Reducing the risk of brackling…a farmer’s view

As spring barley varieties increase in yield other factors can become problematic. Brackling is one such problem and can cause serious losses at harvest.

David Kehoe – a cereal farmer and contractor – from Co. Wexford spoke at the BASF Technical Conference this week in Co. Kilkenny on strategies that he uses to reduce the risk of brackling in his crops.

David supplies straw to the horse market and as a result needs a high-quality product.

Brackling can affect straw quality, as well as resulting in a reduction in grain yield. The problem can also result in less efficient harvesting of the crop, as cutting can be slower.

David explained six of the most important management practices affecting brackling:
  1. Variety resistance;
  2. Soil and applied potassium (K);
  3. Soil and applied manganese;
  4. Nitrogen rate;
  5. Fungicide choice;
  6. Crop maturity at harvest.


David outlined variety as the most important factor affecting the risk of brackling and added that many malting varieties can be weak in this characteristic.

As a result, he sows varieties which have stronger brackling scores in his spring barley crops destined for the feed market to allow early harvest of weaker varieties.


Potassium is extremely important for straw strength and therefore can reduce the risk of the problem.

As a result, David plants crops at high risk of brackling – spring barley – on land that is in index 3 for K. He also ensures he applies sufficient artificial K and sometimes applies K late in the season.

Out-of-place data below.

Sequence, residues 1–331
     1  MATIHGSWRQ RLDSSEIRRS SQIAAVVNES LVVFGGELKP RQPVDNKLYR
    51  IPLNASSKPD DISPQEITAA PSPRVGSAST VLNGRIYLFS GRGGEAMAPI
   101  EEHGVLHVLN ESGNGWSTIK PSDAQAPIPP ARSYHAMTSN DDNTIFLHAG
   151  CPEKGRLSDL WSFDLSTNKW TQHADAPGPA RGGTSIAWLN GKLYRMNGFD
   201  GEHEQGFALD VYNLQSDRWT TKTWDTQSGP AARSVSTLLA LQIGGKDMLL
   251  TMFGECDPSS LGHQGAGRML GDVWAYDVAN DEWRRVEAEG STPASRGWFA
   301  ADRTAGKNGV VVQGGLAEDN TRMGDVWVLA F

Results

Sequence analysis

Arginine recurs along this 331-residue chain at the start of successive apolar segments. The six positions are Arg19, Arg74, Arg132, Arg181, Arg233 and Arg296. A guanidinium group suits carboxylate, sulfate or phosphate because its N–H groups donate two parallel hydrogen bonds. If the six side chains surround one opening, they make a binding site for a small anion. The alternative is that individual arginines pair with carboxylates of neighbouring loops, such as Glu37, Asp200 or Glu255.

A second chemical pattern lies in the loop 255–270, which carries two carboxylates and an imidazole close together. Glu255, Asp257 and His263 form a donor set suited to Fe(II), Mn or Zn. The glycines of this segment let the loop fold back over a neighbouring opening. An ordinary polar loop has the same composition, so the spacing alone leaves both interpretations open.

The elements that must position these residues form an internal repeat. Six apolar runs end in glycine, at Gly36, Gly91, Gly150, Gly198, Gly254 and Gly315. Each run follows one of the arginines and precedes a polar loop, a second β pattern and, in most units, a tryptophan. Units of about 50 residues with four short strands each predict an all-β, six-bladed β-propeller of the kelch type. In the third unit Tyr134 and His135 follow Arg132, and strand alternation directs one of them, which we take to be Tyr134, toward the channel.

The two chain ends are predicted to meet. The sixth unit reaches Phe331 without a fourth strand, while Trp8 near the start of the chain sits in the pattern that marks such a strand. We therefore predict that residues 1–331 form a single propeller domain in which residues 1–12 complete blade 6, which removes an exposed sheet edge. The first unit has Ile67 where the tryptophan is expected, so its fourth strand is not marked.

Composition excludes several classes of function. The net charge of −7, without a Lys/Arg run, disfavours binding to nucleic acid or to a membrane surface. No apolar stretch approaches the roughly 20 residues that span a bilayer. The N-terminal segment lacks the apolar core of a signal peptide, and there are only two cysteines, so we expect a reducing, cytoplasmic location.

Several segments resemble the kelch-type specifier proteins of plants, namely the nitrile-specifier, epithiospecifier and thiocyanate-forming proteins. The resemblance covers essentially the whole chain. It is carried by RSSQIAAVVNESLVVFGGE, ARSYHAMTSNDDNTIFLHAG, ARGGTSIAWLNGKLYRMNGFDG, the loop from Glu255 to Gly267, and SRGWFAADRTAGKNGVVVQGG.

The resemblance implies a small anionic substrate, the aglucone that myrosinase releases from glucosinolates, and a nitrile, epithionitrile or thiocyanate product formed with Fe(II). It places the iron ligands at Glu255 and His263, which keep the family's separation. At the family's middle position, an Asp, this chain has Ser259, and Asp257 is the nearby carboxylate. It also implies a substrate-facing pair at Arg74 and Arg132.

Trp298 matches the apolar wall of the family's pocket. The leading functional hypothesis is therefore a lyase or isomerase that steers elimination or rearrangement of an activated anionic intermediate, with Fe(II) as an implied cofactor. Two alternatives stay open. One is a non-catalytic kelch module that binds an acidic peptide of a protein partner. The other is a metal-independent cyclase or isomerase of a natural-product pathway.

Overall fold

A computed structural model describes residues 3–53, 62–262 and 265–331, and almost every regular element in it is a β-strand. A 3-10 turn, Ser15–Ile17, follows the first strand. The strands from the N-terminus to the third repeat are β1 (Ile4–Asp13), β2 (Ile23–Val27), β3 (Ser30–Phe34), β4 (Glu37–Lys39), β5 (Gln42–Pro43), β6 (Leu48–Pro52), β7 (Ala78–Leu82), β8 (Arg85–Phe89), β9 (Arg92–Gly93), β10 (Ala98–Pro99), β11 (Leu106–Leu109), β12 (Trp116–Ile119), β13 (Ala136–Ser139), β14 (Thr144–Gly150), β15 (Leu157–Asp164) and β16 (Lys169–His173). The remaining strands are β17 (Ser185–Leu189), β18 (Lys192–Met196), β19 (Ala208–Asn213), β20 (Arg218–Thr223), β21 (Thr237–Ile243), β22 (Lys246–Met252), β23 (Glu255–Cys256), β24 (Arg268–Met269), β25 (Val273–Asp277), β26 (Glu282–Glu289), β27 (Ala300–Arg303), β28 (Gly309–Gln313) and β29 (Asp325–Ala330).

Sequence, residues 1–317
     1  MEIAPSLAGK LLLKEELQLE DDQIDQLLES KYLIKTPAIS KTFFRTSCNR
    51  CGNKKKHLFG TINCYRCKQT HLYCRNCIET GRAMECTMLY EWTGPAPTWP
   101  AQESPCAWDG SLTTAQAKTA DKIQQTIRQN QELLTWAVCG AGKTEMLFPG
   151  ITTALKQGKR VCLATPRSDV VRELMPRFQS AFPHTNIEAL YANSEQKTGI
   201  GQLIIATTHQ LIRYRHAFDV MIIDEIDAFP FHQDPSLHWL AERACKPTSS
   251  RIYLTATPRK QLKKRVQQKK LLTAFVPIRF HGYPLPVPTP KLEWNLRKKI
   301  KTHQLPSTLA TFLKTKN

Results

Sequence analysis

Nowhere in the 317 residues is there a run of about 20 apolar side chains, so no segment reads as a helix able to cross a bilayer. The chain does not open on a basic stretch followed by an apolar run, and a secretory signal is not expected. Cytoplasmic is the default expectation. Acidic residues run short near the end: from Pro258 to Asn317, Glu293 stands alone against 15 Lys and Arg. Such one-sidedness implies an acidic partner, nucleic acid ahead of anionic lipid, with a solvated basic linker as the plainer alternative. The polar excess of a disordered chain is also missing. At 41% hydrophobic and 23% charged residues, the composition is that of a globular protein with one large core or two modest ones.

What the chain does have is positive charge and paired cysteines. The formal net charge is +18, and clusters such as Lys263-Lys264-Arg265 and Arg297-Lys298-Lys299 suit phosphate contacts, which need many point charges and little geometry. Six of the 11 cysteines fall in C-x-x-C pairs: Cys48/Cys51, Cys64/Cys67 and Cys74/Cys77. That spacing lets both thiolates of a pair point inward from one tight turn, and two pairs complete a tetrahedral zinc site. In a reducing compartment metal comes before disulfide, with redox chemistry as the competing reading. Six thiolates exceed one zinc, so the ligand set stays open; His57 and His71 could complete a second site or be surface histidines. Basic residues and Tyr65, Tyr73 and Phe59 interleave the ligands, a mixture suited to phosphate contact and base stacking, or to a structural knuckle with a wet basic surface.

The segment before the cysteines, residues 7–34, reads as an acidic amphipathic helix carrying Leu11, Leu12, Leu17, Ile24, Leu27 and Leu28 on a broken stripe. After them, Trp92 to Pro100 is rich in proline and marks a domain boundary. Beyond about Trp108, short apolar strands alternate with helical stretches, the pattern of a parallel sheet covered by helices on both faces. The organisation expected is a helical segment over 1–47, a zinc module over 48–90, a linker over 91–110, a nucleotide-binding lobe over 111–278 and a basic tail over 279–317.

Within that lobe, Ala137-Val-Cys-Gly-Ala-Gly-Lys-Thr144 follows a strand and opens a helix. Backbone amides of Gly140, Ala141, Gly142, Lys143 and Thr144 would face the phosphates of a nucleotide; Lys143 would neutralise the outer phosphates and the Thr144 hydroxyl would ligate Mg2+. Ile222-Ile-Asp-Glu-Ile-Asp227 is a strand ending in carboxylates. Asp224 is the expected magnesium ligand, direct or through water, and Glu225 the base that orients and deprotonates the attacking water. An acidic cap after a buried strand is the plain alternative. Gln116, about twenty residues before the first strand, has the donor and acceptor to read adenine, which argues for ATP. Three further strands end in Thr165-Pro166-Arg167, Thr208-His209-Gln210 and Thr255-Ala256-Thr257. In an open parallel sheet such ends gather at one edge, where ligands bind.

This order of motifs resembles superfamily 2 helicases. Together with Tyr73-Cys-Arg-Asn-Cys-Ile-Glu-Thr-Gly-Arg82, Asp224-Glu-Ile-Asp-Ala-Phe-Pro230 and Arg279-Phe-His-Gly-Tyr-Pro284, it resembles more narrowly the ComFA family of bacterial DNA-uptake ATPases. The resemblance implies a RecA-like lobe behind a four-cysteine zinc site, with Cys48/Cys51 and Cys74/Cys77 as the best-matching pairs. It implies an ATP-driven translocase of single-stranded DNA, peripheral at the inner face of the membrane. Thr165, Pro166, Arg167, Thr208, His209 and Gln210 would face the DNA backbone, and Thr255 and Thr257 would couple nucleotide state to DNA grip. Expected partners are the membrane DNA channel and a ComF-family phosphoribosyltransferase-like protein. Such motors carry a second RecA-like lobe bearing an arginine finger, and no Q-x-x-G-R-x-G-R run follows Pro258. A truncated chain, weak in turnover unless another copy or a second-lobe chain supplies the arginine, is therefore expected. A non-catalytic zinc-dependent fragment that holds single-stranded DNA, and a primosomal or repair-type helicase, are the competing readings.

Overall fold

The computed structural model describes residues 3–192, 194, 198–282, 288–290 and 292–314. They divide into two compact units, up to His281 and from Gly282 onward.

David also avoids sites which are manganese deficient as crops can often have weaker straw where this is the case. He uses manganese dressed seed in deficient conditions, keeps tight seedbeds and applies foliar manganese.

Nitrogen timing and rate

David explained that he aims to plant early and apply nitrogen early to avoid high proteins and straw brackling. In 2018, David applied all of his nitrogen into the seedbed, due to the late sowing date.

He added that if he is using a variety that is prone to brackling he does not push it for yield like he would with other varieties.


David has not seen any great reduction in brackling from the use of plant growth regulators. However, he did notice improved straw quality between different fungicides.

He added that the early use of fungicides can protect straw quality from the start of the season, which in turn can help to prevent brackling. In the drought of last summer David explained that he thinks Venture Extra helped to reduce brackling.


It goes without saying that as the crop matures, the level of brackling increases. David targets varieties prone to brackling first at harvest time, as leaving varieties more prone to brackling can result in a higher yield loss.

David advised to the attendance at the conference to sow the variety that is weak on brackling early to set yourself up for an early harvest.

“The way I look at it tackling brackling is not one step; you need all the steps together to change the picture,” David concluded.